Montgomery earns first D4 playoff win since 2011 - 2018 NTL and District 4 News - WellsboroAthletics.com
 
 
 

Montgomery earns first D4 playoff win since 2011.

By: Chris Masse | Williamsport Sun-Gazette | May 24, 2018

 

MONTGOMERY — Emily Snyder ended the game, throwing a perfect pitch. She closed out Montgomery's first playoff win since 2011 by spotting a fastball on the inside corner which froze Bucktail's final hitter.

Not every pitch Snyder threw Wednesday was that perfect. It just often felt that way.

Snyder owned the playoff stage, throwing a three-hitter and matching a career-high with 14 strikeouts as Montgomery edged Bucktail, 3-2, in a well-played District 4 Class A quarterfinal. Snyder surrendered just one hit over the final six innings and Montgomery (12-6) earned a spot against defending champion Northeast Bradford in Friday's semifinals at Turbotville's Moser Complex.

"I think I was hitting my spots pretty well and this is one of the better games I've pitched," Snyder said. "I like the pressure."

That is good because Bucktail (8-10) did its best to apply some as Myka Poorman threw a five-hitter against a team which had scored 45 runs in its last three games. Snyder, however, looked untouchable after the first inning and when Riley Fry hit a clutch, two-run, two-out double in the third inning to put Montgomery up, 3-1, which felt like the margin was 13-1.

Bucktail scored a sixth-inning run without a hit, but Snyder struck out the last four hitters and fanned the side in the seventh on 13 pitches. The Bucks scored a two-out run in the first inning when Poorman singled and scored on Emily Cross's single, but Snyder dominated from there and ended Montgomery's seven-year playoff win drought.

"I feel more confident. I have a good defense to back me up and it's been going pretty good," Snyder said. "I feel like I've made a ton of improvement. I just keep practicing more and more and learning new pitches."

Coach Chris Glenn has played a role in her development, as have assistant coaches Harry Overdorf Sr. and Harry Overdorf Jr.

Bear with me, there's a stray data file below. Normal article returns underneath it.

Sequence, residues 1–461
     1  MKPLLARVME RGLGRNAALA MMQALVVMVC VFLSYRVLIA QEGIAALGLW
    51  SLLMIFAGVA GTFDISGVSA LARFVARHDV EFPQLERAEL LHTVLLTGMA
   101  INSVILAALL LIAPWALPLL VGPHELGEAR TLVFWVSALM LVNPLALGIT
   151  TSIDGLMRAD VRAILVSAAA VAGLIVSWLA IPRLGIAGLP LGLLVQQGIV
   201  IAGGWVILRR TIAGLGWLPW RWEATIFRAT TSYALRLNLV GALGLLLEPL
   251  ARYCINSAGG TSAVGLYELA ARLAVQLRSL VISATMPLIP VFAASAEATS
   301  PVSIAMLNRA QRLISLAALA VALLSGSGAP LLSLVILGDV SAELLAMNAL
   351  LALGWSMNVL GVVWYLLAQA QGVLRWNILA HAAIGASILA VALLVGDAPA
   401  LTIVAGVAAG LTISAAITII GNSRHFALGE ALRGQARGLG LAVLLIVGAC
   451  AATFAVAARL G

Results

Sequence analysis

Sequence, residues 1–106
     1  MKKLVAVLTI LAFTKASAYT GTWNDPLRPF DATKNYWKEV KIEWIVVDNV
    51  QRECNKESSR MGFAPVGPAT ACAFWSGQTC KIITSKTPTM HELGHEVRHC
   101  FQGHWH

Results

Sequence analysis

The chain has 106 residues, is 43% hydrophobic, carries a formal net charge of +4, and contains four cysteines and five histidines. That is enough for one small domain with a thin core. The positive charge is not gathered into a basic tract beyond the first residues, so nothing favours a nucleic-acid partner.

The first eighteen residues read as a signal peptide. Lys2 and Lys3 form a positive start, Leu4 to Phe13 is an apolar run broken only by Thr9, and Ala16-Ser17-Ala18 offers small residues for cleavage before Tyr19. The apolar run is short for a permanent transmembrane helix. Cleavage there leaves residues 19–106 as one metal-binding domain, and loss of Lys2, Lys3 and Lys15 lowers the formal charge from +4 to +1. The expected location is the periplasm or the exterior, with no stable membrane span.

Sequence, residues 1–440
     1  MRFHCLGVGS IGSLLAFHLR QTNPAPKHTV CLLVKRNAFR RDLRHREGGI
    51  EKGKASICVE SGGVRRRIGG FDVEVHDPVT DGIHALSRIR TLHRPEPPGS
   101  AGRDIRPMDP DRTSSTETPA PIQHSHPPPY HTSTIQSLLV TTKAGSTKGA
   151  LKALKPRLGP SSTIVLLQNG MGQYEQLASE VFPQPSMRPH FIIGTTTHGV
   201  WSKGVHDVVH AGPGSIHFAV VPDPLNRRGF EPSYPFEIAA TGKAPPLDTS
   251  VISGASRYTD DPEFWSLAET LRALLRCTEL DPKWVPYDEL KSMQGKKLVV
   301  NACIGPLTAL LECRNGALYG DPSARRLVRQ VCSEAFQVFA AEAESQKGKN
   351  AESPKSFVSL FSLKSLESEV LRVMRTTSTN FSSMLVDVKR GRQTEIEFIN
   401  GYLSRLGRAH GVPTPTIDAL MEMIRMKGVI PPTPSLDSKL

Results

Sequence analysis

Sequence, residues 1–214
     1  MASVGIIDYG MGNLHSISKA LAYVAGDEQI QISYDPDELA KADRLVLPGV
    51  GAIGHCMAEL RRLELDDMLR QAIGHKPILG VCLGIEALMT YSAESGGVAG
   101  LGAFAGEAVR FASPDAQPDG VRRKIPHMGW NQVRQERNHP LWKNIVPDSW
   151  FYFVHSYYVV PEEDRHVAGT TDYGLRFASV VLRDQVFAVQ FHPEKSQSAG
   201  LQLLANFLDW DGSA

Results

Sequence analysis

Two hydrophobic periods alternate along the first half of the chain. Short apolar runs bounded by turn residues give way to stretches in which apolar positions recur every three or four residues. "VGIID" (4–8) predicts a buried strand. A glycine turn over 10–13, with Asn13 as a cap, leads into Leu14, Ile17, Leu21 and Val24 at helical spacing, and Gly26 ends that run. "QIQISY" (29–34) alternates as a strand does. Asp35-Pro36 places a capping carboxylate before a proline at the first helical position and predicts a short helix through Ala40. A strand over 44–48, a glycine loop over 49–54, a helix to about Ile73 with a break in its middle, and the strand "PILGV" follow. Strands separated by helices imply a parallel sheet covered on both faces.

Overdorf Sr. was a pitching coach at Lock Haven University and still throws for the Jersey Shore fastpitch team. He can literally show Snyder ways to improve, and she has taken those lessons in stride.

Snyder has struck out at least eight batters in nine of her last 17 games and has allowed just two runs in her last four games. This is a young team that has made big strides and Snyder has helped power that surge.

"She was a little nervous in the first inning, but after that she was the same old Emily and was really hitting her spots," Glenn said. "I owe that all to the pitching coaches. The vast amount of experience these guys have with pitching is unbelievable. It's a big plus having those two."

Bucktail won four straight games to reach the postseason for a second straight year and nearly made the semifinals again. It has been quite an ascension for a program that before last season had never made the playoffs. The Bucks pushed Montgomery hard, but Fry's two-run double changed the game's complexion.

Montgomery had tied it in the second inning when Morgan Tupper (2 for 3), hit a leadoff single, moved to second on a Breanna Segraves bunt and scored on a passed ball. An inning later Abby Stryker drew a one-out walk and Bucktail intentionally walked Snyder with two outs after she doubled in the first inning. Fry then delivered the biggest hit of her young scholastic career.

The sophomore third baseman tattooed a ball into deep center field, easily scoring Stryker and Snyder as Montgomery went up 3-1. Fry entered the game with a .490 batting average and shined in her first playoff game.

"Riley has great hand-eye coordination and very seldom does she strike out," Glenn said. "She tagged that thing. That was a nice shot so all that hard work paid off. If there is anyone I want up that can put the ball in play it's Riley. She's a tough out."

Montgomery missed on opportunities to extend its lead in the fourth and sixth innings. Cross, who was injured in the first inning, never missed a batter and made a super play on a wild pitch that bounced off the fence, beating Tupper to home in the fourth. Two innings later, Poorman worked out of a bases-loaded, no-out jam.

The Raiders, though, never buckled and are semifinal bound for the first time in seven years despite having no seniors. The Raiders have won eight of their last 10 games, including four straight, and are a win from reaching states for the first time since 2010.

"The girls work hard. From the beginning of the year they have never griped about practice," Glenn said. "You can talk to them and they always listen and they want to get better. I haven't been happier in my entire coaching career. I'm lucky enough to coach a great group of kids and I have a great group of coaches. I absolutely just love it here."